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This movie... I really don't have much to say about it. This movie was a waste of my time, and will surely be a waste of yours. The title is unbelievably misleading, and doesn't portray Anarchism in any way, shape or form. I nearly cried with frustration at how horribly wrong the entire concept was. I encourage you to throw this movie away if you own it, for it's nothing but a piece of right-wing propaganda that honestly portrays nothing other than the classic American troublemaker, which any true anarchist is far from. The only reason it really made it as far as it did- that is to say, the only reason people actually watched it- is because for once we anarchists thought that we would see a movie that showed Anarchy in all of it's potential glory. Boy, were we wrong.
This film is very, very loosely connected with the book "The Anarchist
Cookbook," a collection of do-it-yourself explosives, weapons and other
violent tools which has since been disavowed by its author. Aside from
featuring the book, the movie has absolutely no connection to it.
The movie does connect to the life of college dropout Puck (Devon Gummersall), an intelligent anarchist who spends his days living in a commune of like-minded folks among them: Karla (Gina Philips), a man hating feminist, Johnny Red (John Savage) a peaceful old hippie and Double-D (Steve Van Wormer), Puck's dimwitted best friend. Aside from protesting "oppressive" government actions, everything is relatively calm on the commune as they wait for the revolution, that is until the appearance of Johnny Black (Dylan Bruno) a violent nihilist who dismisses their peaceful ways. Things start to spiral out of control as Johnny Black convinces the collective to take a more severe approach to anarchy.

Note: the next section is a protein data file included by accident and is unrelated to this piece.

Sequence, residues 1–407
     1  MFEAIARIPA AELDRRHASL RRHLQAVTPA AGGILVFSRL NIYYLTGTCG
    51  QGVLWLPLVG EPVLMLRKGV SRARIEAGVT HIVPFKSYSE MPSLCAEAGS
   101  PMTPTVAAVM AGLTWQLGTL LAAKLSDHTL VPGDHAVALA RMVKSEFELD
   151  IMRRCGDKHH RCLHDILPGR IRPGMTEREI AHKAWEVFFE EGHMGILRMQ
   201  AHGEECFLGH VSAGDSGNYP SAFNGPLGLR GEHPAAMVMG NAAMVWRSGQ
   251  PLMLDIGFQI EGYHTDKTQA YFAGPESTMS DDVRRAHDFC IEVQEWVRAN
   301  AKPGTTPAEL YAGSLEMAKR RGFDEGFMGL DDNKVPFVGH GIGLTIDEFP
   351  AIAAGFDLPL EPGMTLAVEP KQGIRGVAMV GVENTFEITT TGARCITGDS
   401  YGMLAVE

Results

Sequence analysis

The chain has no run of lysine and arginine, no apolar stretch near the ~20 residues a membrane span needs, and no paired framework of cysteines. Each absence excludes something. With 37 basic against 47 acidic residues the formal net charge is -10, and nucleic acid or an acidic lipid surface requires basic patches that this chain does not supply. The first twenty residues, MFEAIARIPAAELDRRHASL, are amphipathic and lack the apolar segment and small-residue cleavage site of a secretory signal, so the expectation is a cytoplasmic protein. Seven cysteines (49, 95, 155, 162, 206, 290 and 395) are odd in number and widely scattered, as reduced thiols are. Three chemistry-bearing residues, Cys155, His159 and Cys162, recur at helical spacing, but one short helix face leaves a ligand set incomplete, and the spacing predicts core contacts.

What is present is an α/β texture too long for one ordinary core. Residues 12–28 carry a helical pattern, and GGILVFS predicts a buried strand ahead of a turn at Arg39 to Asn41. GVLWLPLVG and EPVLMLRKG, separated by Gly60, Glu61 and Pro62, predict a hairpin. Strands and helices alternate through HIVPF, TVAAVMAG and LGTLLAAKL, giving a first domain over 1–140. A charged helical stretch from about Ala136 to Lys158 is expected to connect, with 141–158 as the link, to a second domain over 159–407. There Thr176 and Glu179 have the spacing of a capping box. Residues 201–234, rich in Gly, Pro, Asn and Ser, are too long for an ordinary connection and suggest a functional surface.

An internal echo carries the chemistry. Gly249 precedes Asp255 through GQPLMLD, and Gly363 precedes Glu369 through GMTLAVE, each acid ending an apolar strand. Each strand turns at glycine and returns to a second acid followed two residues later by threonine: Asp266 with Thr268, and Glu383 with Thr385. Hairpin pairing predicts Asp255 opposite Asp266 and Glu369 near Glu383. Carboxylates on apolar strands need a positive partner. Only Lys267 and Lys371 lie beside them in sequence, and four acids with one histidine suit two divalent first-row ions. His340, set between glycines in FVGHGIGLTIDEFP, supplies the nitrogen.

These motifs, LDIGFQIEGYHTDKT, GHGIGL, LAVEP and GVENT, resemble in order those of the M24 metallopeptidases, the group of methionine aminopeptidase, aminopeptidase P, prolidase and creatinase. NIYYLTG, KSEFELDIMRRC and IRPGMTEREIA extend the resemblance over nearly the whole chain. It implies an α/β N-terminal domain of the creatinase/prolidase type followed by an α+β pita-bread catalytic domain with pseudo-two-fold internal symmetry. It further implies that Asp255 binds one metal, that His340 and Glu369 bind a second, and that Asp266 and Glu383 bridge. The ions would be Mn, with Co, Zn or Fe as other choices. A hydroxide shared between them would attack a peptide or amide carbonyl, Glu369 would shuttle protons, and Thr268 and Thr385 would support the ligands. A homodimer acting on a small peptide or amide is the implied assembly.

For a movie about questioning conventions, the script is pretty conventional. In fact, it's wholly unoriginal. Puck starts out as a lethargic, idealistic layabout who after facing the folly of his lifestyle alters his flaws and somewhat adjusts to adult life. This exact story seems to be lifted from 1998's "SLC Punk!" and while "SLC" delivered scathing satire, "Cookbook" only gives an occasional wink to entrenched hypocrisies. Additionally the pace of the story is very schizophrenic with some scenes being unbearably slow and others whizzing by. Maddening director choices like this completely fumbles the central point. Once the film closes by condemning violence in all its forms, it feels like putting a bandaid on a tumor.
A movie that involves such a predictable character arch needs to be supplied with decent acting on the part of the lead, and though Devon Gummersall tries his best, he never seems to get his footing on the character. The supporting cast doesn't fair any better. Karla becomes obnoxious, John Savage seems to phone it in and the character of Double-D is nothing more than a caricature out of place with the presumably "developing characters".
Jordan Susman made a lukewarm entrance into the movie industry winning a second place prize in 1997 for his short film "Sitting in Limbo" at the Montreal Film Festival. "The Anarchist Cookbook," released five years later has shown little improvement. Some scenes seem to have been shot by different types of cameras and lighting for no stylistic reason other than clear budget restraints. The editing is sloppy and everything seems to just not mesh at all.
There is one bright light in the form of Dylan Bruno. Bruno manages to portray menace with such understated glee that he balances intelligence, cunning and meat-headed violence pretty well. Unfortunately even his character is a shadow of what could have been.